My first day of formation as an ACE Teaching Fellow happened also to be my dad’s last day in the Air Force. In June 2008, he retired after twenty-five years of service, right as I was diving headlong into Catholic education. We moved often, as is typical of our kind, so the question, “Where are you from?” befuddles me. I don’t have geographic roots.
Perhaps ACE and America’s Catholic schools have provided an appropriate inversion. For me, this fifty-city, non-stop, über-mobile adventure called Notre Dame’s National Bus Tour was a year of “coming home.”
Dallas: My family settled in a Dallas suburb after Dad’s retirement, so when the bus and accompanying ACE staff descended on the Metroplex in October to kick off the tour, I was excited for the two worlds to intersect. The school events and celebrations set the tone for the rest of the tour: each embodied the interconnectivity of the mission of Catholic schools. Students, teachers, families, ACE grads, and supporters of Catholic schools packed masses, assemblies, parties, and one giant tailgate. The reality of Catholic schools as communities was obvious. Having my own family there echoed this: Catholic schools help bring together all the parts of a person, uniting faith, family, and vocation in one institution.
Milwaukee: Over the last five years, the Notre Dame ACE Academies (NDAA) team has spent many hours observing classes at St. Anthony Catholic School and picking the brains of their leadership. Along with dozens of other visionaries across the country, they helped us develop and refine a model that has demonstrated great success. I was glad to see the Bus Tour highlight St. Anthony, a sort of professional home-away-from-home for me, as an example of what is possible for Catholic education. Standing in an auditorium filled to capacity with just their third, fourth, and fifth graders, whose parents lined the sides and filled in the back, I grasped the scale of this success. The frequently cited narrative says Catholic schools are always struggling and always losing ground, but this school and many others like it are striving and advancing as wellsprings of inspiration. St Anthony proves that Catholic schools are fertile fields for greatness, able to generate not only booming student enrollments, but abundant energy, commitment, and aspirations.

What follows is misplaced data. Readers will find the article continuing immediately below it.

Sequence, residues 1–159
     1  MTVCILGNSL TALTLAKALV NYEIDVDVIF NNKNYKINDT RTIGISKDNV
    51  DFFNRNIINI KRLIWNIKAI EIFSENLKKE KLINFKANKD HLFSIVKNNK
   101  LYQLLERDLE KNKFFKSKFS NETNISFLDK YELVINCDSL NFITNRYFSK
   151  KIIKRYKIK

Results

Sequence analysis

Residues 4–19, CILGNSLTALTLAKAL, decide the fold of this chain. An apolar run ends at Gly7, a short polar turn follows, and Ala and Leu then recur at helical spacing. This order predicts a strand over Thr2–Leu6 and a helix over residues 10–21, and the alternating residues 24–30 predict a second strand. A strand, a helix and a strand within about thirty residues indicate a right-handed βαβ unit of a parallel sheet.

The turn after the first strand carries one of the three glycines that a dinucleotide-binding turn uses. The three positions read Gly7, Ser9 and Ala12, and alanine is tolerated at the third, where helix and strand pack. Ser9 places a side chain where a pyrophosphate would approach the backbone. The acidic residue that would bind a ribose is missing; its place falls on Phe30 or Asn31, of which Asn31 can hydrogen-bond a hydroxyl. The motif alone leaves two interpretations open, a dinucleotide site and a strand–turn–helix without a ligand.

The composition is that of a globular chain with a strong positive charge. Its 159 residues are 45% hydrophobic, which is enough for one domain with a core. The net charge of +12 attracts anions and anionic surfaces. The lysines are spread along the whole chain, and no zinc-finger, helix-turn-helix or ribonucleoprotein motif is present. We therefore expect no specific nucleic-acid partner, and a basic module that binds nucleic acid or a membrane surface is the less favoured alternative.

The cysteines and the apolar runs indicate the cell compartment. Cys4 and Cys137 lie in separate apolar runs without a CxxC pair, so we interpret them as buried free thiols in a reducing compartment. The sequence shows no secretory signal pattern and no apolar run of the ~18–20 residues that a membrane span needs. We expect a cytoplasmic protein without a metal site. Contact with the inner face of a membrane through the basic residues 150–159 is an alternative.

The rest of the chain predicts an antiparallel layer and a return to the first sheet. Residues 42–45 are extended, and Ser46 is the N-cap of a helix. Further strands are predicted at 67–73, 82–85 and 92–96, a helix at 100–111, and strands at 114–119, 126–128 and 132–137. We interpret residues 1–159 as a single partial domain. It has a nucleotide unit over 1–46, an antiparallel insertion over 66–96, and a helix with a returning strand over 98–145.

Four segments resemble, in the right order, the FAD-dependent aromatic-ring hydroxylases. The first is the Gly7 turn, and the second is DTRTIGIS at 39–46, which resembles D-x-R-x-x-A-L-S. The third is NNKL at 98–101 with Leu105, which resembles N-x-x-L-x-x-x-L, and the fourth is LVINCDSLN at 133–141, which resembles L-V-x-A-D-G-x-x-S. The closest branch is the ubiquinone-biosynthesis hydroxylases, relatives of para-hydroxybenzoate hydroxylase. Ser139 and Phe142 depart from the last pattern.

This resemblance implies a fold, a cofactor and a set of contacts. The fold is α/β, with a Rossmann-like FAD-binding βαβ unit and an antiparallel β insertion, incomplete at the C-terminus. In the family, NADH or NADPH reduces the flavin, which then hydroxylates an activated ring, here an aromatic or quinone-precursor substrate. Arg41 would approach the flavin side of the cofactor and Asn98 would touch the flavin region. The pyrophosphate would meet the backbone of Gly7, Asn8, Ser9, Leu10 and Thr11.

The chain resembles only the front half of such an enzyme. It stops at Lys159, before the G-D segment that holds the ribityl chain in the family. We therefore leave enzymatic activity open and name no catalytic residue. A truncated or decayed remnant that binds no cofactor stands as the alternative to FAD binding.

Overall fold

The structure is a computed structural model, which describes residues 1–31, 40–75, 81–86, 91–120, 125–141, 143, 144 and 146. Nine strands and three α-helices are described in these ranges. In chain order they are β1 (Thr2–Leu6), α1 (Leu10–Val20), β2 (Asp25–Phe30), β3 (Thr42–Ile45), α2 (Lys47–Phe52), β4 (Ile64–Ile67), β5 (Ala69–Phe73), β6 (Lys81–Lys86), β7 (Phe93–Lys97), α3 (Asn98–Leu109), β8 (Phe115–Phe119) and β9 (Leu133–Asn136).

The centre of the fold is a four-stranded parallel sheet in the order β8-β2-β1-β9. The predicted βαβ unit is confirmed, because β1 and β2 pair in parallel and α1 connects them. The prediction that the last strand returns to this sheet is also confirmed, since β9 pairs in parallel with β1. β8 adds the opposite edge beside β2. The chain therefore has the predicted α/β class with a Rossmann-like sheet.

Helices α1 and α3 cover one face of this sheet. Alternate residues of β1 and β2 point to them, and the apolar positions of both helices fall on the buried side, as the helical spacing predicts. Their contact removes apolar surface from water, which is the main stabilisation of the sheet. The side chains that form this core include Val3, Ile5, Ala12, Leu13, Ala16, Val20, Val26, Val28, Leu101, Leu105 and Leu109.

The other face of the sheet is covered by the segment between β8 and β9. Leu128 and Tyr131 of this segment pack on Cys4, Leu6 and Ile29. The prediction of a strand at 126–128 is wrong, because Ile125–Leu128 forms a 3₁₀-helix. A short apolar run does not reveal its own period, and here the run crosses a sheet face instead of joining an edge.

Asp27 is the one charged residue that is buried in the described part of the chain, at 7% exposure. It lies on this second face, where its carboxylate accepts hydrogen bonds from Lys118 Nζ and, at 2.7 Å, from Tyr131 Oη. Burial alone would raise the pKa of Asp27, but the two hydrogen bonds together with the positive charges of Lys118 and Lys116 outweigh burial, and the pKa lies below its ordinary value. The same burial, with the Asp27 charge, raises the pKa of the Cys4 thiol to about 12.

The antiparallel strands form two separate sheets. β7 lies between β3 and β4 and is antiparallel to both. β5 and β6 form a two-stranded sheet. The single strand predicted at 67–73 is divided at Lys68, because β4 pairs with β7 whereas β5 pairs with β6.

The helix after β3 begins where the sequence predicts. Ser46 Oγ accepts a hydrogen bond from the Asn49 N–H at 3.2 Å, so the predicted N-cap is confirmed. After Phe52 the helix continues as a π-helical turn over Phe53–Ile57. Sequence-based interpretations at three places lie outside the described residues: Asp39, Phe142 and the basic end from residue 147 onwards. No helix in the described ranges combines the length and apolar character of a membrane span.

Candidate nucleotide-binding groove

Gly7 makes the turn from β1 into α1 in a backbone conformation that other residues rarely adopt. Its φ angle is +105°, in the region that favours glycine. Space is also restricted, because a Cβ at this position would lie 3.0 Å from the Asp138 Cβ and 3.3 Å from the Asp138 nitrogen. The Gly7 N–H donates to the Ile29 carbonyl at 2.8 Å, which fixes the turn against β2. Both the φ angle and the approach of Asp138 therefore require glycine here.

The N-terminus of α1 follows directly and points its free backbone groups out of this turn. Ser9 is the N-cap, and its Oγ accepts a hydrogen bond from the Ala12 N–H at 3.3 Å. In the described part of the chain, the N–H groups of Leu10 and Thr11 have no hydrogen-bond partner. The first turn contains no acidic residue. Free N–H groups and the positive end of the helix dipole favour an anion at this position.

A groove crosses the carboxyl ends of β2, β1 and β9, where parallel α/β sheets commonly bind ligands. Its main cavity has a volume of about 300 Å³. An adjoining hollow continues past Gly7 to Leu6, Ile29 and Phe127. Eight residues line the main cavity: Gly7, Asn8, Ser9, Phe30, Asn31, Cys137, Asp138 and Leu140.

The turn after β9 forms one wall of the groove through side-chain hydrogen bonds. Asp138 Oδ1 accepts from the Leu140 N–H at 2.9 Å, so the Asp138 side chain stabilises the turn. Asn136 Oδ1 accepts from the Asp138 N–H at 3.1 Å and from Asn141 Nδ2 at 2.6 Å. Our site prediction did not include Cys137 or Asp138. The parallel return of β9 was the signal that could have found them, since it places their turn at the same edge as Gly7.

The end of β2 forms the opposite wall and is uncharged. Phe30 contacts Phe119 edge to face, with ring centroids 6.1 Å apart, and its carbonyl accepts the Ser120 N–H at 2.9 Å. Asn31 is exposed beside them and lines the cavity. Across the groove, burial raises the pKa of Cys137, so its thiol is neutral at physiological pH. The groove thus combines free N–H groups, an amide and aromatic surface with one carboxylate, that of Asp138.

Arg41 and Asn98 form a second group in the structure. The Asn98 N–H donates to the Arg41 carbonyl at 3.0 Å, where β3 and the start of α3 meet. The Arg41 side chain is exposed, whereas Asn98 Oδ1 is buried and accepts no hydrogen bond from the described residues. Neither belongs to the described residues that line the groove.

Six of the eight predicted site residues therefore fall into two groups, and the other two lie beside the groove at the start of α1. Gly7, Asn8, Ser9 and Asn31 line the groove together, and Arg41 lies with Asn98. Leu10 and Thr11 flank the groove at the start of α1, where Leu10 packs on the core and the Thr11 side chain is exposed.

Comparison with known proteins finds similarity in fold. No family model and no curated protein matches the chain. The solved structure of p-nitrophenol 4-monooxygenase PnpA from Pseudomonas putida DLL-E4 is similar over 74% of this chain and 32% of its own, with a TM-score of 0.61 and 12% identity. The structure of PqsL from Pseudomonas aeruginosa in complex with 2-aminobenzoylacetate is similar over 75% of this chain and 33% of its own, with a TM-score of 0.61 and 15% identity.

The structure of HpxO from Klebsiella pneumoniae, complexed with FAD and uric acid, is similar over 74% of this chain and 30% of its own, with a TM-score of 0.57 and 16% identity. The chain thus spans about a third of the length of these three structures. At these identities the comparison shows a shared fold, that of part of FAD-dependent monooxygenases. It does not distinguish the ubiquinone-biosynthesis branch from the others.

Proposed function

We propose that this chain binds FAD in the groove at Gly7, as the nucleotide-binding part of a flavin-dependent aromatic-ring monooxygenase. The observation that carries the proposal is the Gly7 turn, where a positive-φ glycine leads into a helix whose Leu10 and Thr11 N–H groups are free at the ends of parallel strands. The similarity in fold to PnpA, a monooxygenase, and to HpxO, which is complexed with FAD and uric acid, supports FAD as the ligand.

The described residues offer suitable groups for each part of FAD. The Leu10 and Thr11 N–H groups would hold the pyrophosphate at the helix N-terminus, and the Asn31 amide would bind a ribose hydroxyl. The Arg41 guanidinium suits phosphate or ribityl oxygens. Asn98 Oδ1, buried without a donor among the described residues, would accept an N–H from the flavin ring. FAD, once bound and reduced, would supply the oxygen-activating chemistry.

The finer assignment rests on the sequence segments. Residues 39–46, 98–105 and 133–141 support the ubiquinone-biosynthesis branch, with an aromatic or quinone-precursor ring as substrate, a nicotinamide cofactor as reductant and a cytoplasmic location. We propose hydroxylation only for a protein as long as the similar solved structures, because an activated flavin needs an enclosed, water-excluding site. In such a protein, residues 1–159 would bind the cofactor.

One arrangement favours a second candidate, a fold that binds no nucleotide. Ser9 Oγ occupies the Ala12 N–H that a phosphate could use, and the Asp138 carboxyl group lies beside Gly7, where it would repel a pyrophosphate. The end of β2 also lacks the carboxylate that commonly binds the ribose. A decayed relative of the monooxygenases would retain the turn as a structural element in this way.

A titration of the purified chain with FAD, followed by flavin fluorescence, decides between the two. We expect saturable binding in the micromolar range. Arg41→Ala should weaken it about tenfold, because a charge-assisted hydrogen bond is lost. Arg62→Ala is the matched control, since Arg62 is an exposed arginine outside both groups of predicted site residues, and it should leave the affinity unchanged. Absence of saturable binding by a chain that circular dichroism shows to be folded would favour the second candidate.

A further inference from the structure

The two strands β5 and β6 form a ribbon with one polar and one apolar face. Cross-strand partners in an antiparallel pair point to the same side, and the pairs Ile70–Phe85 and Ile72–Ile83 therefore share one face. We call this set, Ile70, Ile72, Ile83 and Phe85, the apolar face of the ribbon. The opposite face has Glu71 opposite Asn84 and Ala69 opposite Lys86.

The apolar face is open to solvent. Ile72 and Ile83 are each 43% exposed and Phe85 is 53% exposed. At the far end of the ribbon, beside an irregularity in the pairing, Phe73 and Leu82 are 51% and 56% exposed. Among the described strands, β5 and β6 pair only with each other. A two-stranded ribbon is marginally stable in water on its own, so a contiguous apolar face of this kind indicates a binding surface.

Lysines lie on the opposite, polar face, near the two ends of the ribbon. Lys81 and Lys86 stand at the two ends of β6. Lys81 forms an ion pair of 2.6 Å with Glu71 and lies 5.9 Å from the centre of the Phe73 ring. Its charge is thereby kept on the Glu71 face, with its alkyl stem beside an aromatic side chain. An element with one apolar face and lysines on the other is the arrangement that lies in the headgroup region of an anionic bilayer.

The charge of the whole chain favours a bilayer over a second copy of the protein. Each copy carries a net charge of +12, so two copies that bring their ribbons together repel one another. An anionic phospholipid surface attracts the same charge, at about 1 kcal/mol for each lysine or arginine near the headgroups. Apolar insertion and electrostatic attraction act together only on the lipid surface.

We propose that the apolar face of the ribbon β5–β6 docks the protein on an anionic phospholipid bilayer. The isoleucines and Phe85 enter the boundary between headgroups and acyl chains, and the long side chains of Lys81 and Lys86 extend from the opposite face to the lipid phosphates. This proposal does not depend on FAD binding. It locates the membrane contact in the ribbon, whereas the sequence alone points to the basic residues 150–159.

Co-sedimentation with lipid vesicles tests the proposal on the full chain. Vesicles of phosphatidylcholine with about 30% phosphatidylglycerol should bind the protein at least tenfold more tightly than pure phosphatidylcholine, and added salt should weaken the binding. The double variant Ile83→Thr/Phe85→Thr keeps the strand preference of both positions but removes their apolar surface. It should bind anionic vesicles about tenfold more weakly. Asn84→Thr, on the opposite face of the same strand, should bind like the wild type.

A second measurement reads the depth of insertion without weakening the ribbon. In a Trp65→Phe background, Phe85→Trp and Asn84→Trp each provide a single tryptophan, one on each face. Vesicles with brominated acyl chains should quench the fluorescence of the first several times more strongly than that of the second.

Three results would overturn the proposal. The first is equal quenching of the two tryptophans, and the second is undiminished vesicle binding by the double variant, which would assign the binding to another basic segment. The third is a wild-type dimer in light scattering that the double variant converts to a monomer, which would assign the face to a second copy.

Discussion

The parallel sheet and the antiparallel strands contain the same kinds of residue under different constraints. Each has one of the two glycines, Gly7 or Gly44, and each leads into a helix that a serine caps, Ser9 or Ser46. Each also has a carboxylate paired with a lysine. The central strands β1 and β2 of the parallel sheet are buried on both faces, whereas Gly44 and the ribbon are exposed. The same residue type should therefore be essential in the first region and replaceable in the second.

Tucson and Tampa/St. Petersburg: NDAA has been my professional home for four years. While my office is at Notre Dame, I’ve invested hundreds of hours on-site at our partner schools, three in Arizona and two in Florida. I feel at home in these locations just as I do in South Bend. With the bus’s arrival at each site, I was again struck by the sheer number of people who make these schools noteworthy. The schools’ leaders each represented their communities with pride. Teachers, students, and parents celebrated their solidarity and their accomplishments. While the five ACE Academies share a single structural model, they each reflect their own unique histories, local legacies, and charisms. Like every Catholic school, it’s the people who give of themselves day in and day out who enrich the culture of joy and zeal to make God known, loved, and served.
Brownsville: As an ACE teacher, I taught language arts at Guadalupe Regional Middle School (GRMS) in Brownsville, Texas. My years in Room 2 made a deep imprint on my heart. GRMS is my school. The Bus Tour’s arrival at GRMS’s annual Mardi Gras fundraiser (where it served as a “float” in the midnight parade) reunited me with my students. They had returned from high school and college to contribute their time and talent at their middle school’s fundraiser—a hint of how remarkable GRMS is. These students who returned are as lively, joyful, bright, as kind, and as passionately hopeful as I had known them to be several years ago. Though we had not seen each other in years, I was still part of their community. Catholic schools do this astoundingly well: uniting strong academics with intentional individual growth, creating bonds that enable both, and sending forth students who see and serve God in all things.
Notre Dame: Eventually the ACE bus came back to its home. When we go out into the wide world, we come back home feeling both smaller and grander. After a couple of decades, ACE has been privileged to join in more than its share of ambitious ventures. The tour was a chance for us—our team of educators and an expanding support network—to reconnect with many strands of our ministry as followers of Christ the Teacher. More than that, though—far, far more than that—our collective experience of going home to the places where we served children and communities reminded us of the bold mission and vision of Catholic education. The number of gifted, driven, committed educators engaged in this mission and the dizzying scope and depth of their efforts and accomplishments remind us of the fruits of discipleship, being sent forth and returning to a welcoming home. We see more clearly who we are, where our roots are, and why we dare to undertake so great a task.